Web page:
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Beer Up North: It’s a good time to be a beer drinker in Northern Ontario

In this first Beer Up North column, Jason McLellan professes his love for all things beer and has an imaginary conversation with you the reader.
Beer Up North by Jason McLellan

Yes, it is a good time to be a beer drinker in Northern Ontario. I know what you are thinking. "Isn’t any time a good time to drink beer up here?"

Of course — provided it’s after 11 a.m. and you enjoy responsibly. 

What I’m getting at though is more of the epochal context, kind of in the broader timeline of Northern Ontario’s history.

You are probably thinking: "Ahh, gotcha! The rise of craft beer after decades of oppression by big evil breweries who streamlined everything into bland tasting lager through mergers and acquisitions, with a focus on nothing more than the bottom line. The injustice!"

Well, yes and no. 

My point of view is a little more conservative than that. We live in a time in Northern Ontario where we have the best of both worlds, where we can enjoy a Molson product . . .

Woah, woah, woah!  I am not a philistine and I assure you, nobody’s paying me anything to write this. 

I’m just a guy who likes beer and Northern Ontario, in all it’s progressiveness and backwardness. 

I, just as much as anybody, appreciate the craft beer movement that has taken the world by storm; but I also know my roots and I can’t help but get a little teary-eyed thinking about my first Moosehead. 

When I was in university in Thunder Bay, I remember someone at a party suggesting a road trip they aptly coined The Northern Tour, where we’d load up and tour the taverns along Highway 11, from Beardmore to Iroquois Falls.  The Northern Tour never transpired to my knowledge, but I can hardly think of anything that would’ve been more fun in my early '20s than clinking bottles of Blue and 50 with buddies in the bars of towns built on logging, mining and farming – the stories would have been unforgettable.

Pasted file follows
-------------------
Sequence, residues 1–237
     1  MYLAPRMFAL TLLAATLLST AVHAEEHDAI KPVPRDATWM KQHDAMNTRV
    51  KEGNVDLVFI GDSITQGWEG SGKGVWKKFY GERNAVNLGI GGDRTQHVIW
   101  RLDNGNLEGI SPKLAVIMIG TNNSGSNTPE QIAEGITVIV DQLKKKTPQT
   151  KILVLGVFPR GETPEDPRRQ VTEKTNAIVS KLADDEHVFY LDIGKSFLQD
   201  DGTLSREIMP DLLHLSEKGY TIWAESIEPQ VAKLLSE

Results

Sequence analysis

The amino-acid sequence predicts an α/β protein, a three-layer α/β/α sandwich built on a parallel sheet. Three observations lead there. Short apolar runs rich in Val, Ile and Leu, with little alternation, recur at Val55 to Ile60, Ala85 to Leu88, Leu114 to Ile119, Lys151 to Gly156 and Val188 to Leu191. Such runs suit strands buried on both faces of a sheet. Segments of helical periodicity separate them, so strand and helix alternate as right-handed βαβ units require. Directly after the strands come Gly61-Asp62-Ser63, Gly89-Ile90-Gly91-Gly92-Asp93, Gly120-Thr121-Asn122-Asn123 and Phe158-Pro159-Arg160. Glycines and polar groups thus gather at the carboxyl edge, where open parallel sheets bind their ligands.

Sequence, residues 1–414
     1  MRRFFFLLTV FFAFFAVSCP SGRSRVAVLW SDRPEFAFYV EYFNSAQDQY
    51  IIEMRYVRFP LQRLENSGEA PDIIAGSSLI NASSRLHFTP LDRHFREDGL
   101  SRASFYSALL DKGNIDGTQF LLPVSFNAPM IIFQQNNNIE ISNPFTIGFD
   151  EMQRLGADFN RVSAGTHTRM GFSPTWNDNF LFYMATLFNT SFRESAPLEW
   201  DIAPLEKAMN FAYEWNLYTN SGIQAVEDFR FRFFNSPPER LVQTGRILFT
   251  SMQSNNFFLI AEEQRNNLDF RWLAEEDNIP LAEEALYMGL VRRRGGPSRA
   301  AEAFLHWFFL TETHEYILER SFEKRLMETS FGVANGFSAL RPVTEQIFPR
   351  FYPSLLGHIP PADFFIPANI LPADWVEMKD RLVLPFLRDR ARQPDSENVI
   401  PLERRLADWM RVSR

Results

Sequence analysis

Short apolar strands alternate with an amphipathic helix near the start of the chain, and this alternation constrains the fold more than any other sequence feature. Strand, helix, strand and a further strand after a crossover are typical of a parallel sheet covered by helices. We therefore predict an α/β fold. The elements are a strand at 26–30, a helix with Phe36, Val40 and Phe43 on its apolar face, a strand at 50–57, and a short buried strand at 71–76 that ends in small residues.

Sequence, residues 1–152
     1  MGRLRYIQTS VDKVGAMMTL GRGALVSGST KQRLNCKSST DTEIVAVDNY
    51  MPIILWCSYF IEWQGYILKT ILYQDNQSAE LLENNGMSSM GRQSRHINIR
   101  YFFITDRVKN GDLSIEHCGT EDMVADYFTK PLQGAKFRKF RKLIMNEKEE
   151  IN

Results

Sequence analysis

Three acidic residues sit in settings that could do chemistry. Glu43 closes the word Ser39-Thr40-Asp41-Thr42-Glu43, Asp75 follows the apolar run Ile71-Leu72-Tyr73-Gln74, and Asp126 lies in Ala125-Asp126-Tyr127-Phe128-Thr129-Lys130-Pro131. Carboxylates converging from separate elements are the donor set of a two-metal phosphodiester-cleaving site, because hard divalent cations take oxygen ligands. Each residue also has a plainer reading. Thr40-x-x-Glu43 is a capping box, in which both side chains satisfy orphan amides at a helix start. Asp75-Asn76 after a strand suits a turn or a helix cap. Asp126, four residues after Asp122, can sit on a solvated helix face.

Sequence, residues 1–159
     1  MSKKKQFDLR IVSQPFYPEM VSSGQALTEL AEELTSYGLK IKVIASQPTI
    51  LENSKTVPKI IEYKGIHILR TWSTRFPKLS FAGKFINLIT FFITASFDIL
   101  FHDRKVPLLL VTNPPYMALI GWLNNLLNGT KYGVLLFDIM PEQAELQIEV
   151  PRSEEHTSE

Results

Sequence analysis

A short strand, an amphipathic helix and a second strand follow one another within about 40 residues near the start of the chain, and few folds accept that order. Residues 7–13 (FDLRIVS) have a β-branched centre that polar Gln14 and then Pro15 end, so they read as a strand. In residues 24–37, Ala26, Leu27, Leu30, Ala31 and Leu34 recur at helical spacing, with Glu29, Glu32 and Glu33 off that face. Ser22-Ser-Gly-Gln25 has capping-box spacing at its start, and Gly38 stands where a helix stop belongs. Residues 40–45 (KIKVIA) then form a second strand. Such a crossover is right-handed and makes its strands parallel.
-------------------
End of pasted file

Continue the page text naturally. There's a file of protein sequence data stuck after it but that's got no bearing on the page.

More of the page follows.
Fast forward to today, where we can still appreciate drinking domestic draught in the bars of historic hotels like the Royalton in Thunder Bay (although opportunities like this are fast disappearing), while also partaking in the myriad new styles of beer being brought forward by our region’s craft brewers. 

In towns across Northern Ontario, new breweries are popping up, injecting a healthy strain of beer culture into downtown cores – Sault Ste. Marie alone now has three successful craft breweries.

And we’d be remiss if we didn’t consider what’s available through the LCBO. Their stores are being revitalized and have thankfully become more than just glorified wine shops. With their new online ordering system, the faithful reader in Foleyet can now freely order a wide selection of different beers to their local LCBO on Young St., or right to their front door for a reasonable shipping fee. 

We even have the ubiquitous Beer Store, a mainstay for domestic and import lagers, begrudgingly beginning to admit that the times, they are a-changin’.

The way I see it, Northern Ontario’s beer culture is currently balanced on a thin edge between the past and the future. 

As craft beer culture continues to shine globally, it tends to cast a pall on the mainstream styles and brands that have been the backbone of this region’s beer culture arguably since the early 1900s. 

But, there’s no need to be a beer snob – with an open mind, we can enjoy the best of both worlds in this very special neck of the woods.

Stay tuned for a further discussion of the Beer Up North, next week. 

Jason McLellan is a self-professed beer geek.  He wants the world to know he's damn proud of his Northern Ontario roots, even though he couldn't catch a fish if one jumped in the boat. His columns run Wednesday at 12:00 P.M.


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